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GoDaddy Data Breach Exposes 1.2 Million User Accounts

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Several GoDaddy customers using its Managed WordPress hosting service were exposed due to a data breach that exposed SSL keys – likely affecting a large number of customers. It has prompted concerns about attackers hijacking domains for the purpose of deploying ransomware or spoofing them in order to steal credentials and other harmful activities.

GoDaddy, one of the world’s largest domain registrars and hosting providers, announced on November 17th a data breach involving the data of 1.2 million active and inactive Managed WordPress customers. Included in the exposed data were the customer number and email address associated with the WordPress accounts; the default WordPress admin password which had been set at the time the account was created; as well as usernames and passwords associated with SFTP and the database. According to a regulatory filing with the Securities and Exchange Commission, GoDaddy disclosed that one-third of its 1.2 million customers had their SSL keys compromised.

The publicly listed group indicated that they had reset all affected passwords and were redeploying new certificates to clients whose SSL keys were compromised. According to GoDaddy’s officials, the attackers accessed the certificate provisioning system using a compromised password in GoDaddy’s legacy code base for Managed WordPress. The researchers discovered that the attackers gained access to the system on 6th September and continued to do so undetected for more than 70 days, until 17th November. 

"We apologise for this incident and our customers' concerns. We will learn from this incident and are strengthening our provisioning system with additional layers of protection."

Demetrius Comes: Chief Information Security Officer at GoDaddy

There is no word on how customer satisfaction will be affected by these assurances given GoDaddy’s security woes over the past two years. The company reported about 28,000 customers were affected by a data breach in May 2020. While the breach was detected in April of the following year, it occurred in November 2019. As a result of social engineering, employees of the firm provided scammers with control of domains belonging to a small number of customers on at least two other occasions last year.

Future-Proofing Cyber Security

Among the biggest concerns with its new data breach is the possibility that attackers may use their SSL credentials to impersonate legitimate websites in order to steal credentials or distribute malware. Security experts warn that attackers may attempt to hijack a domain name and extort a ransom for its return if they possess such keys.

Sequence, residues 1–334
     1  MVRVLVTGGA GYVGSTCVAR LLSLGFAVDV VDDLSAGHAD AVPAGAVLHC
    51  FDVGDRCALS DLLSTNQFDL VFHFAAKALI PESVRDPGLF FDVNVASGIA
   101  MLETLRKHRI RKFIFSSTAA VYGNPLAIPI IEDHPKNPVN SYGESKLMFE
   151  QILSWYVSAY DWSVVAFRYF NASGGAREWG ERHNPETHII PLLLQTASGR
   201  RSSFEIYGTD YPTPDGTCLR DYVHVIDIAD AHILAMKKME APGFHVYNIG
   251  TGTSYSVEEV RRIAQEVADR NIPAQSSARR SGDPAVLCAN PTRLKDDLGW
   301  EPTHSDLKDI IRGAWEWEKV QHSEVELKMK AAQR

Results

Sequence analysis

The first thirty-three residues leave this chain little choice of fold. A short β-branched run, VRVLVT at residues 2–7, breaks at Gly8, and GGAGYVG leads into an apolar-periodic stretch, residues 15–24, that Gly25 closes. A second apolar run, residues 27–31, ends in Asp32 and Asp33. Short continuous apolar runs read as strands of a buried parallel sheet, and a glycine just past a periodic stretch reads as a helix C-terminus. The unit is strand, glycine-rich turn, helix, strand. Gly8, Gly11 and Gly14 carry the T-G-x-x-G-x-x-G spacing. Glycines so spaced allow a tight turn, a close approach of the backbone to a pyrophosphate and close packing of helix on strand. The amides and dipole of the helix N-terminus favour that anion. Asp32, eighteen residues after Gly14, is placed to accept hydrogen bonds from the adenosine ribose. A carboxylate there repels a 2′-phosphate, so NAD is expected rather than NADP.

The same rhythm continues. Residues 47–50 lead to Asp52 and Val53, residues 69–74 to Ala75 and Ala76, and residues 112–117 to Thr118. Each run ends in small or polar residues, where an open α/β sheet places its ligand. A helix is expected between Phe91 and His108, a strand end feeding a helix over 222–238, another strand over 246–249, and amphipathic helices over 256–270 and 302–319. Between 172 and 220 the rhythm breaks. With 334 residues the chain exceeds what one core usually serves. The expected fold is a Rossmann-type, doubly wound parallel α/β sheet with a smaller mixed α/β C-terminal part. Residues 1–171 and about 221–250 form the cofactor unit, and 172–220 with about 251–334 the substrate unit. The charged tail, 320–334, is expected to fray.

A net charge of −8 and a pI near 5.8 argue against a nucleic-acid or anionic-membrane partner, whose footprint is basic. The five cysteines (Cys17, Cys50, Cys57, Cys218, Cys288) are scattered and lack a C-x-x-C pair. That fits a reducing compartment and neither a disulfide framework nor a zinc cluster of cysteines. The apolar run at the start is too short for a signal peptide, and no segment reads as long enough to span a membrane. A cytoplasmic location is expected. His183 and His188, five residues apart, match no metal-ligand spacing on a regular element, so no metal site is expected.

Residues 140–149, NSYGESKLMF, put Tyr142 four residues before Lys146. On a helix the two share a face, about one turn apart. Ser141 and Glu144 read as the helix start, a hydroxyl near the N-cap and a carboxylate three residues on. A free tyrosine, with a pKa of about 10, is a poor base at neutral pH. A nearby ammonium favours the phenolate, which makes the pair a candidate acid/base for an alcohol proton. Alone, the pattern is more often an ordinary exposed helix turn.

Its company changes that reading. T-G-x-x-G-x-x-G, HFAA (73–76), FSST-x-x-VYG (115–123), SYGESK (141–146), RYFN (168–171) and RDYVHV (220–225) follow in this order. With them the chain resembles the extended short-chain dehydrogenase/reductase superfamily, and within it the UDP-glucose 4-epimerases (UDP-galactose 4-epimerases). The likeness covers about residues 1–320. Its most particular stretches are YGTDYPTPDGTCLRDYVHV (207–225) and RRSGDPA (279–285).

Nick France, CTO of SSL at Sectigo, says affected companies should replace their existing certificates with new ones. They should ensure the original certificates are revoked and a brand-new private key is generated. It is generally possible to revoke a certificate within 24 hours, and a compromised key can be replaced within five days. The company was the one issuing the keys, so it would be the one revoking and reissuing them if all of the keys were issued by the company.

"It is not clear whether all certificates and keys compromised have come from GoDaddy CA or if other certificates have also been compromised. Until we know what the makeup of the compromised certificates looks like — who they were for and who issued them — it's difficult to say exactly who needs to take action."

Nick France

Murali Palanisamy, Chief Solutions Officer at AppViewX, says incidents such as the breach at GoDaddy highlight the need for organisations to have a platform that automates the process of revoking certificates and issuing new ones. Furthermore, incidents of this type suggest that organisations might benefit from using short-lived digital certificates to ensure that even if keys are compromised, attackers are restricted in their ability to exploit them.

“Typical certificates are valid for a year,” Palaniswamy says. An exploit would give hackers more than six months of valid certificates if there is an exploit halfway through the certificate’s life. “A short-lived certificate like LetsEncrypt is valid for 90 days and gets automatically renewed,” he says. Depending on the situation, he says, these certificates can be reduced to only 30 days. “With a short-lived certificate of 30 days,” he adds, “there’s a shorter window of time that could be used to craft a sophisticated attack on an exploited certificate.”

If you want to alleviate future hacks, please do not hesitate to get in touch with our team here at Mitigate Cyber. We offer a range of cyber security solutions, from threat mitigation to testing, training and much more.

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